Brexit: EEA membership requirement - could impact UK firms in Italy

8 July 2016

The UK's vote to leave the European Union has raised concerns over the impact this could have on UK companies working in EU gambling markets, notably Italy's, according to Giulio Coraggio, partner at law firm DLA Piper's Rome office. 

Coraggio addressed issues over the impact Brexit could have on companies licensed in the regulated Italian market in a recent a blog post.

He noted that current Italian law requires both online operators and AWP/VLT (amusement with prizes/video lottery terminals) licensees to ensure the license holder is registered in the European Economic Area (EEA) and that the technical infrastructure, hardware and software is in a country of the EEA.

Coraggio said that if the UK, which includes Gibraltar, completes its exit from the EU and leaves the EEA, this would mean companies established in the UK may not meet the requirements set out in Italian gaming law.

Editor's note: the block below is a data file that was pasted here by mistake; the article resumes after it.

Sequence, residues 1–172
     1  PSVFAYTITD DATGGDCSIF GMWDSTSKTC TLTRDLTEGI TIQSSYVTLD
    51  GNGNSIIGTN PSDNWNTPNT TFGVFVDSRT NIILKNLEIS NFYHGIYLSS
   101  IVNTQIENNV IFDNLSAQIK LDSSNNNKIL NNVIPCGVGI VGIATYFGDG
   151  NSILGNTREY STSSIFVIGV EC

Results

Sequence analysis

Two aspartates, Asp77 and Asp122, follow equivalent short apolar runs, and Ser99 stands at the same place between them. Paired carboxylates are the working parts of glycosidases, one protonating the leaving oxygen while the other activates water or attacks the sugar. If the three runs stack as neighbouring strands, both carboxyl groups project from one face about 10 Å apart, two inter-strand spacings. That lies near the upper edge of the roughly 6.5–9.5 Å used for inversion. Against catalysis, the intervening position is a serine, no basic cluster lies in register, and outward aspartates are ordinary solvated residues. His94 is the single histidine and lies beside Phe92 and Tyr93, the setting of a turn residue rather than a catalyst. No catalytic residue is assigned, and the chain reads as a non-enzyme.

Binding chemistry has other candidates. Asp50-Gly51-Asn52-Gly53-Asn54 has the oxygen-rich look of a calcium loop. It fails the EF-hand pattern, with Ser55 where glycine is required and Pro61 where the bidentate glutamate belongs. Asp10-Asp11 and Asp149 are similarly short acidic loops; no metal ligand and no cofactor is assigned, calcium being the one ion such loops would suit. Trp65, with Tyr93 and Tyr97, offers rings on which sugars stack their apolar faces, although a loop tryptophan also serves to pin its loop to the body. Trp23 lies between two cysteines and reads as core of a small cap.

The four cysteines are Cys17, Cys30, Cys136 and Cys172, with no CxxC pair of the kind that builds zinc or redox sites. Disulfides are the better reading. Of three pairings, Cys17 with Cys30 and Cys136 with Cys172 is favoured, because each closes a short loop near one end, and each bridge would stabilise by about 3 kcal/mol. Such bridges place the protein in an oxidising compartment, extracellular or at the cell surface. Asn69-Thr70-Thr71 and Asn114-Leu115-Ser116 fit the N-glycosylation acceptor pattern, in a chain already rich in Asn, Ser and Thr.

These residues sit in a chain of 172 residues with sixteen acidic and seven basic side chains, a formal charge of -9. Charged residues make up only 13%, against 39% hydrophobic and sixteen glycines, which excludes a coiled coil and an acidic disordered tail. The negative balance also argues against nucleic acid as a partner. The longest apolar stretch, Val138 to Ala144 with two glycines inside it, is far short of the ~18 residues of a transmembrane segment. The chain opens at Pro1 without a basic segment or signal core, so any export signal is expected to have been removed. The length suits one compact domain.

Those companies would need to either relocate to a different EEA country or assign their licence to an EEA firm, while the technical infrastructure dedicated to the licence must also be moved to an EEA country.

“The issue is not relevant only for operators, but also for suppliers,” Coraggio said.

“The requirement to place the technical infrastructure dedicated to the licence in an EEA country might lead to the renegotiation of gaming supply agreements.”

Coraggio added that while there is no immediate panic for those in the Italian market, he said it is time to make a decision on their future.

“With the upcoming award of new betting shop and online gaming licenses, operators might take this opportunity to adopt a long term approach also taking into account the Brexit implications,” Coraggio said.

“It might be possible that arrangements will be reached in order to ensure that the UK, or only Gibraltar, remain part of the EEA, but this situation of uncertainty is useful for the adoption a long term approach.”

Related article: Gibraltar Ministry eases fears over Brexit